April 1917: The Battle of Vimy Ridge

Greg Scott focuses on a pivotal point in history for Canadians.

Canadian machine gun units dug in at Vimy Ridge.

April 6, 1917

The United States today accepted Germany’s challenge to war and formally abandoned its place as the greatest neutral of a world in arms.

President Woodrow Wilson this afternoon signed the resolution of Congress declaring the existence of a state of war and authorizing and directing the chief executive to employ all the resources of the nation to prosecute hostilities against the German government to a successful termination.

The act was done without ceremony. By proclamation the President announced the state of war, called upon all citizens to manifest their loyalty and assured Germans in this country that they would be unmolested as long as they behaved themselves.

Orders were issued soon afterward for the arrest of 60 ringleaders in German plots and intrigues.

April 9, 1917

The crest of Vimy Ridge has been carried. The strongest defensive position of the enemy on the Western Front has been captured by the army of Sir Douglas Haig, and the Canadian Corps had the place of honour in the great event, being strongly supported by some of the most famous British formations.

The attack was preceded by a bombardment that continued for several days, and in which guns of the heaviest calibre formally only used on only the biggest battleships took part.

This morning came the supreme moment, when our infantry was called upon to go out and reap the fruits of months of preparation. Such was the spirit of the infantry who in the gray preceding the dawn, sprang from their shelters when the appointed time came.

It was a great occasion and greatly they met it. By 12:30 o’clock, seven hours after the battle began, no organized body of the enemy remained on Vimy Ridge, except the most concealed of the machine guns on Hill 145.

Our men were splendid, and are proud that they were counted worthy to furnish a striking force in so important an operation as the recapture of Vimy Ridge.

April 11, 1917

Gertrude Sarah Annable, daughter of Mayor J.E. Annable, was the first Nelson woman to take advantage of the extension of the franchise to British Columbia women by making declaration and having her name registered upon the provincial voters list yesterday.

The woman suffrage bill containing amendments for the extension of first registration and for appointing woman commissioners passed third reading in the provincial legislature and was assented to on April 5 by Lieutenant Governor Barnard.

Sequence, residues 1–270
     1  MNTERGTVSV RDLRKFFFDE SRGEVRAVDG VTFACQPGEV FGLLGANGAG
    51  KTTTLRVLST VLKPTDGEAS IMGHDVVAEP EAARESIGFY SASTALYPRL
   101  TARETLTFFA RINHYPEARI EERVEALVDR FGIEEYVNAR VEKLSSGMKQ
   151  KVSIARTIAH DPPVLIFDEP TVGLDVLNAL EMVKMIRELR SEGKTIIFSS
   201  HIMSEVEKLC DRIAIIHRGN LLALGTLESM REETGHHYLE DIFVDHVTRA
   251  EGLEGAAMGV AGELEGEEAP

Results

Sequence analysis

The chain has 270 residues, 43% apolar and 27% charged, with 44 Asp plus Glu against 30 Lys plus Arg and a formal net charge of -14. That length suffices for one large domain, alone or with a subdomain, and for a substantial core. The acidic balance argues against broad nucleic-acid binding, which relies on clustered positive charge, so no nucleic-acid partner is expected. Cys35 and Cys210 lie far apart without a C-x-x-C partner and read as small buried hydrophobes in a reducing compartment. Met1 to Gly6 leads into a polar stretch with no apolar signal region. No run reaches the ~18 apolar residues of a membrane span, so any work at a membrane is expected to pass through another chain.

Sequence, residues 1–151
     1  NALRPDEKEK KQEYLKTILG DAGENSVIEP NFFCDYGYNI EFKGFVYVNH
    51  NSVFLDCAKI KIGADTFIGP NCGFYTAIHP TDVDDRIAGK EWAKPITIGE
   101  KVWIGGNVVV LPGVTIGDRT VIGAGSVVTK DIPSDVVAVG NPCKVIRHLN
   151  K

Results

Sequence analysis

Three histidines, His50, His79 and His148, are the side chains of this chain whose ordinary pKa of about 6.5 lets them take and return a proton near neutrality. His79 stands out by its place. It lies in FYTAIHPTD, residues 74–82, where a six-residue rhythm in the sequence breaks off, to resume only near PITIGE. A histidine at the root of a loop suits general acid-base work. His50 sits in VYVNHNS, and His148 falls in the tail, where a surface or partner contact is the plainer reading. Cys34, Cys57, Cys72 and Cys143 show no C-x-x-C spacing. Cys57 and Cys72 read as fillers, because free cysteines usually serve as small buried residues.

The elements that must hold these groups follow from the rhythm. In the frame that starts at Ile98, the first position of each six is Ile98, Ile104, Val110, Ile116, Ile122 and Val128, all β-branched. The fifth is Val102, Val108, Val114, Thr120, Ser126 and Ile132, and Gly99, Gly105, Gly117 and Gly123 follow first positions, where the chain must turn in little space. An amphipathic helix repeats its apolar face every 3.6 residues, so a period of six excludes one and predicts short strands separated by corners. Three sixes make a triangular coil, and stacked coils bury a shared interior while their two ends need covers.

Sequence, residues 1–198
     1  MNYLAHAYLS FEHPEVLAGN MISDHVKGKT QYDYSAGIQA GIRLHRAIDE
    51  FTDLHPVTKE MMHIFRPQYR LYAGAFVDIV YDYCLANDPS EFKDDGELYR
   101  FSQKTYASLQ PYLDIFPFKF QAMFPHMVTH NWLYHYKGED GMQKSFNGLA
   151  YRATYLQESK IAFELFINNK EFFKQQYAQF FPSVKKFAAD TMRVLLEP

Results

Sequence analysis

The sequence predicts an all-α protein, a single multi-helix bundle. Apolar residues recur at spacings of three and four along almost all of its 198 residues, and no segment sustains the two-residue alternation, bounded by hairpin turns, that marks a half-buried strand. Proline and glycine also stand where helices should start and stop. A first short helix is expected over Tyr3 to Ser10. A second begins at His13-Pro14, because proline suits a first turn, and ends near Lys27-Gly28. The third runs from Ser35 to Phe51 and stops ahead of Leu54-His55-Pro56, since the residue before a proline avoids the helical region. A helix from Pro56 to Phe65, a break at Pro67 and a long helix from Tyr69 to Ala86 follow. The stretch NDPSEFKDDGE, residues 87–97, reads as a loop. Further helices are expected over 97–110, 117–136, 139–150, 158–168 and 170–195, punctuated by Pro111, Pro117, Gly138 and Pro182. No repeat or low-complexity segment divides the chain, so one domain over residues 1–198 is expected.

According to the provisions of the new act, declarations of women voters may be taken at the office of the government agent in the court house until 5 o’clock May 14. S.S. Jarvis, acting government agent, declared that the form of the declaration papers was clear and left no doubt as to its intention to exclude all women not British subjects by birth and that if any such declarations should appear before the court of revision, the court would have no option but to throw them out.

April 24, 1917

Nelson canines are due for a veritable “dogs life” in the near future as the result of drastic measures to be put in force by the civic authorities.

Considerable discussion of the dog question took place at city council last night, it being the general opinion that Nelson’s “kloodles” were sufficiently numerous to control the municipal elections — if properly organized — and therefore a menace to the peace and prosperity of the community.

A motion was laid on the table to raise the dog tax from $2 to $5 per year hopefully making it too expensive a matter to keep a useless dog.

Ald. Macdonald quoted a friend of his who had visited the city as saying that Nelson had more dogs than Shanghai, which, he said was supposed to have the largest canine population in the world and, speaking for himself, said that he had never been in a city where so many dogs were to be seen on streets at one time.

The condition was explained by the city clerk, who stated that the city did not really have a great many dogs, but that, its main street being a short one, all the dogs congregated in one place, just like its citizens.

It is evident, however, from the attitude of the members of council present that the hey-days of dogdom are on the wane in the city of Nelson and that the cost of keeping a dog will keep pace with the high cost of living generally, or else many a promising young pup will be cut off in its prime via the incinerator route.

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